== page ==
Study finds half of Dallas workers experiencing burnout – Dallas Business Journal – Dallas Business Journal






Dallas workers apparently need some time off.
That conclusion is based on a new study by California-based staffing company Robert Half that shows 50 percent of Dallas’ workforce is experiencing burnout. Dallas tied for third with Atlanta, Cincinnati and Seattle among the 28 cities surveyed. Dallas was behind only Charlotte and Chicago, cities that topped the list with a 55 percent burnout rate.
Overall, researchers found that 44 percent of workers across the U.S. say they are more burned out than a year ago.
The burnout is coming from people who are struggling with a looser work-life balance, working from home in leaner teams and taking more responsibility after layoffs and furloughs in the beginning of the pandemic, said Kimberly Stiener-Murphy, a senior regional vice president for Robert Half International Inc. (NYSE: RHI), based in Sacramento.
“You’re seeing an increased workload for people,” she said. “We’re heading well past a year on this, and I think it’s starting to take its toll.”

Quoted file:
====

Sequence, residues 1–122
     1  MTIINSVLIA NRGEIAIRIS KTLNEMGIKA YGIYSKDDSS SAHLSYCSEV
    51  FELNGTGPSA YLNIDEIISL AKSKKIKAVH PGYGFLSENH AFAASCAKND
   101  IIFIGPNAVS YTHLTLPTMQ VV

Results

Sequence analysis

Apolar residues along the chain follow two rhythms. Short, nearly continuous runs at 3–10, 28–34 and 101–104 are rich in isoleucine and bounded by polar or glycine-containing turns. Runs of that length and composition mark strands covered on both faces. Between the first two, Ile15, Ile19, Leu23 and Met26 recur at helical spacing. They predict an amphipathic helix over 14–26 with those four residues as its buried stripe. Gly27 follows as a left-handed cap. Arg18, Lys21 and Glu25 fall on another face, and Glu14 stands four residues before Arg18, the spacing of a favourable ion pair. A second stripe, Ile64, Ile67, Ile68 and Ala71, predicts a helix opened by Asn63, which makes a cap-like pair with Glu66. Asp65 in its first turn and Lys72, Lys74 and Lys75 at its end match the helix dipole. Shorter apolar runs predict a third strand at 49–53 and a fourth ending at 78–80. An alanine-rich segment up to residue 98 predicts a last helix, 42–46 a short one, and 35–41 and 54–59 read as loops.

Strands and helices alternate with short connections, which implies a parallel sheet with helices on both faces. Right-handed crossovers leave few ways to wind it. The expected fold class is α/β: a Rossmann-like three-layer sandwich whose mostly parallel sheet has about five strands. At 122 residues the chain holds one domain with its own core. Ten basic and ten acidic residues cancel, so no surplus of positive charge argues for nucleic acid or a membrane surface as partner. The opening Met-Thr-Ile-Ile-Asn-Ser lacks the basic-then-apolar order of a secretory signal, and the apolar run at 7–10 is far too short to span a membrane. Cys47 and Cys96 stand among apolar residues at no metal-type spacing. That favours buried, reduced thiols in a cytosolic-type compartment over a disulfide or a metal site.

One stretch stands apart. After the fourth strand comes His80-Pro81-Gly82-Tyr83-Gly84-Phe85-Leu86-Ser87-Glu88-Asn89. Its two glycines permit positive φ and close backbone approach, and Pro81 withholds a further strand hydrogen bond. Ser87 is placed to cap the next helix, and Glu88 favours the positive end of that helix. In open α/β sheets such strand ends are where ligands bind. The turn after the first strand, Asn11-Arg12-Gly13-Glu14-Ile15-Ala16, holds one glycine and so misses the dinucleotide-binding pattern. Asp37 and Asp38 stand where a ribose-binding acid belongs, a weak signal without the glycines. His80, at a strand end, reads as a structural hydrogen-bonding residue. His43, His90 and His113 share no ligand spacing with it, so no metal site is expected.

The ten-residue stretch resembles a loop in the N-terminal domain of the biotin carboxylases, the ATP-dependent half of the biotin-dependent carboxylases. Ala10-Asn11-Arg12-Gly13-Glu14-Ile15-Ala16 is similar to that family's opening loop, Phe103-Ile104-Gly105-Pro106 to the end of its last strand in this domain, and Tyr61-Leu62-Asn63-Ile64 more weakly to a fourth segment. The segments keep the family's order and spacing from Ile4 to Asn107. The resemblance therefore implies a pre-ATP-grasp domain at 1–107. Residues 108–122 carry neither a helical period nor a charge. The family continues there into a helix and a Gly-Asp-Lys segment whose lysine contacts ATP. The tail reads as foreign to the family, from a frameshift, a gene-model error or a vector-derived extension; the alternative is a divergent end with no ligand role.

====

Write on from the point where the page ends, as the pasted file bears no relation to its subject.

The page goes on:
Two years ago, before the pandemic, the World Health Organization recognized workplace burnout as an occupational phenomenon resulting from workplace stress that has not been managed successfully.
Burnout is also a challenge for employers since “burnout leads to turnover,” Stiener-Murphy said.
Solutions can include initiatives to improve mental and physical health and team-building activities, she said.
The report also stated that 74 percent of Dallas workers would unplug from work when taking time off this upcoming summer. This means that while taking time off might benefit workers’ mental health, companies will have a challenge retaining productivity levels that were already low because of a leaner workforce, Stiener-Murphy said.
“Teams are running lean,” she said. “Production needs to stay at a certain level and people are going to go away for vacation.”
As a result, she said, companies need to have plans in place in order to avoid productivity loss while not putting more work on other employees. One example would be hiring consultants to pick up some of the workload. Still, companies need to prioritize their employees’ well-being, Stiener-Murphy said.
“People need to take a break. We all need to have time away from our day-to-day duties,” she said.
Independent research firms conducted the surveys, developed by Robert Half, from late March to April 19 – the two surveys include responses from over 3,800 U.S. workers, 18 and older, who work for companies with 20 or more employees.
To read the full report, click here.
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